wall hooks await clothing and towel.
Following registration, the approximately 25 male students
and similar number of females ranging in age between late
teens and mid sixties are separated by gender. Feelings of
pending isolation deepen when at 8:00pm, “Noble Silence”
begins. Mouths are now for breathing and eating only. All
eye contact between students ends. My A.D.D. generated brain is
gradually being strangled of all distractions.
Over the next ten days,
my fat-saturated body will be sent violently into shock as
eggs, hamburgers, fries, and sugar-filled deserts …all the
good things that for me convert mere food into fine dining,
are replaced with a strict though adequate vegetarian
diet. Even my stress-busting daily jog is for the next 10
days an official no-no.
I am already awake to
receive the 4:00am gong; time for a
quick shower, tidy up the bedroll…I’ll shave later…and
remembering to keep eyes lowered, short
walk to the meditation hall by 4:20.
Vipassana is mercifully free of “symbols” thought necessary
by many leaders and seekers of self-awareness. No pictures
of saints or icons of worship line the walls. Dennis, the
bespectacled Assistant Teacher who will moderate the course,
does not wear a colorful flowing robe accessorized with
beads, but casual pants and nondescript long sleeved shirt.
Soft mats have been
arranged in a neat pattern on the floor of the hall. Men on
the left. Women on the right. Several less anxious students
have arrived before me, some now sitting cross legged on the
floor, eyes closed, and waiting. The remaining students
file in carrying wooden stools and cushions selected from
storage cupboards in the hallway. I have requested a chair,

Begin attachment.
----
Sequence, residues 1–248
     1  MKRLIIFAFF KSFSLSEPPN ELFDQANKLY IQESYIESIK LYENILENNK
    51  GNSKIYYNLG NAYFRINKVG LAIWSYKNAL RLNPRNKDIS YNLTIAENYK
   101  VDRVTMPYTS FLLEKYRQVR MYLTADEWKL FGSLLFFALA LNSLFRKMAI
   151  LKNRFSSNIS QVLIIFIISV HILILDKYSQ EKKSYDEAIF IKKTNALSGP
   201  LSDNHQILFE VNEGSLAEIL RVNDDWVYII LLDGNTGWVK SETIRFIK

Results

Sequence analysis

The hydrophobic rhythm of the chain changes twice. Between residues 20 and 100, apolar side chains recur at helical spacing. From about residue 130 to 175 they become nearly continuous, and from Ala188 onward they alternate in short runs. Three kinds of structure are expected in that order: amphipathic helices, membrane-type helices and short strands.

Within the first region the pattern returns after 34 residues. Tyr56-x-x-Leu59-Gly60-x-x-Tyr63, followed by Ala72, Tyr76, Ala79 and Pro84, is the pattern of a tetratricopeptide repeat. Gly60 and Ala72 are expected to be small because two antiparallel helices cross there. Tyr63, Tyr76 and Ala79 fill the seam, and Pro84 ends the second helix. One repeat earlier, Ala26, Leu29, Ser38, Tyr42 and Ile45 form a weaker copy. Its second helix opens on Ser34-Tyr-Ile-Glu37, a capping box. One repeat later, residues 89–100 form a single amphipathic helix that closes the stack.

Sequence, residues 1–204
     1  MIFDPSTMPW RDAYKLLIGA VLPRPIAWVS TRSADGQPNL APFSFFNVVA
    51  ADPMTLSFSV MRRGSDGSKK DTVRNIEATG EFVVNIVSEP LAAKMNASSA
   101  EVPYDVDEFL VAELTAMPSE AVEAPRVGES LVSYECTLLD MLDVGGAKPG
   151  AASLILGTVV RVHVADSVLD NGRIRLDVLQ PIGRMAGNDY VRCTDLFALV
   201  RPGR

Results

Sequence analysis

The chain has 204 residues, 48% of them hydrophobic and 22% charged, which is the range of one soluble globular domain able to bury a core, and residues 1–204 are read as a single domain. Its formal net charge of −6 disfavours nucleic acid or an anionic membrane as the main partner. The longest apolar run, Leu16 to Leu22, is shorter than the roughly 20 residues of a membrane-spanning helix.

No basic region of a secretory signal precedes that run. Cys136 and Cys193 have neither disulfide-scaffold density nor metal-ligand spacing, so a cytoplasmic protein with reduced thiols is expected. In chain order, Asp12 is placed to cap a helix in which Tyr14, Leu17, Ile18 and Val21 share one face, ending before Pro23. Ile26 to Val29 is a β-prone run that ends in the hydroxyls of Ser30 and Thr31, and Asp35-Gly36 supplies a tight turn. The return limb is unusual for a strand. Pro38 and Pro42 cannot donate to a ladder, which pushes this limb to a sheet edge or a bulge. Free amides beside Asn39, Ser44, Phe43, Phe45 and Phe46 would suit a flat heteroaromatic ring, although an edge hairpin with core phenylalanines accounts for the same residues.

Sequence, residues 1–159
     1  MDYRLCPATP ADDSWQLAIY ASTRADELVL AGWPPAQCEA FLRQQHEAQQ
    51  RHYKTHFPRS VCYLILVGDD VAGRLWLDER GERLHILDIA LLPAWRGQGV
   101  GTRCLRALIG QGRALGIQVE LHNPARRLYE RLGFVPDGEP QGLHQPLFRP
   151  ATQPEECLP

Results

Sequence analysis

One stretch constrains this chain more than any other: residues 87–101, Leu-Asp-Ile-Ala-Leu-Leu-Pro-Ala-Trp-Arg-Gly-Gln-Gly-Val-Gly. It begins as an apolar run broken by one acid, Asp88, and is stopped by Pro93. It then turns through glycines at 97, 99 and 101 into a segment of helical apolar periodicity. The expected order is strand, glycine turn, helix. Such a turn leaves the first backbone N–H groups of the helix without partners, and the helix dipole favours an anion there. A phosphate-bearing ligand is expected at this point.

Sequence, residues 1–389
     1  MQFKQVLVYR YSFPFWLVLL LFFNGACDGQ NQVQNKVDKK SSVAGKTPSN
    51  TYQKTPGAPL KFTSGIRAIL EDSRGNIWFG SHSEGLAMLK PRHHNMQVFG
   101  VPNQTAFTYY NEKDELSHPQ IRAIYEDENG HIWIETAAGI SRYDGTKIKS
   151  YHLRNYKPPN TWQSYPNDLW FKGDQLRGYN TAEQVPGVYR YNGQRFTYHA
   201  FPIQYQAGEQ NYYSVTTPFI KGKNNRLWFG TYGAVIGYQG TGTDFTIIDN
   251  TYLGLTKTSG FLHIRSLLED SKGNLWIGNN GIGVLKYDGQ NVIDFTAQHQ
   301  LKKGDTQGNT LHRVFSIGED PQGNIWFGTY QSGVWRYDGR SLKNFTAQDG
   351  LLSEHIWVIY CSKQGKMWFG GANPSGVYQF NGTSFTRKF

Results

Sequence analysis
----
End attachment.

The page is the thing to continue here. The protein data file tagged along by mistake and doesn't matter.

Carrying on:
as have several others anticipating back
discomfort. Returning students seem to require fewer aids
for comfort, their bodies perhaps better accustomed to the
recommended straight-backed semi-lotus posture.
A believer in the “Be
prepared” theory, my choice for day one is to cover the
wobbly steel-backed chair with not one but two wonderfully
thick, fluffy cushions.
At 4:30 sharp,
Dennis enters the meditation
hall, now blanketed in silence, and sits facing us on a
slightly raised dais.
Over the audio system, Teacher
S.N. Goenka introduces us to anapana - awareness of
respiration. Concentration, we are instructed, will be centered on
the triangle of nose and upper lip, the idea being to “feel” the
many sensations as breath flows naturally into nostrils, and
is then expelled at slightly higher temperature onto the upper
lip. Nothing too difficult about that, but for the first
three and a half days?
Imagine sitting, legs
crossed or uncrossed, on chair or pillows, or directly on
carpeted floor, eyes closed…and motionless as a kangaroo
frozen by a hunter's nighttime headlights! Hour after hour,
day after day, with minimal breaks.
Imagine the agony as one
tries to mentally estimate each passing minute, wondering
why the hour’s ending seems so reluctant to arrive.
Meanwhile, I have a slow
sinking feeling. Rate of descent encouraged by constant
wriggling around all points of the compass, my bottom
edging ominously closer to the seat’s
uncompromising hard steel frame.
After another thirty
minutes my now compressed posterior becomes so
sensitive…what can best be described as braillized, for the
first time giving me the unique ability to “read” the tartan
pattern of my underpants. A feat not to be recommended.
Days two and three
dragged on, each estimated minute seeming like ten. Each
nerve ending on my skin screaming out for attention, for the
first time causing me to become aware of the myriad of
sensations usually unnoticed by the conscious mind.
Unpredictable itching, tingling, twitching, pressure from
clothing, slight changes in temperature, drafts, and of
course the continuing awareness of bottom on once fluffy
cushion as tender sciatic nerve screams its discontent.
Meanwhile, what about
the so-called Vipassana technique? What is it doing to try
to assist me through this excruciating discomfort? Quite
frankly very little…except reminding me to intensify my
focus on breathing in, exhaling, and “feeling”.
A thousand thoughts line
up to distract me . Family, work, vacations, the weather,
the war in Iraq, or the next hamburger. It becomes clear
that my mind if left unsupervised will naturally roam
uncontrollably. Vipassana again and again quickly triggers
a return to my breathing, and reminder to consciously feel
sensations around the triangle of nose and upper lip.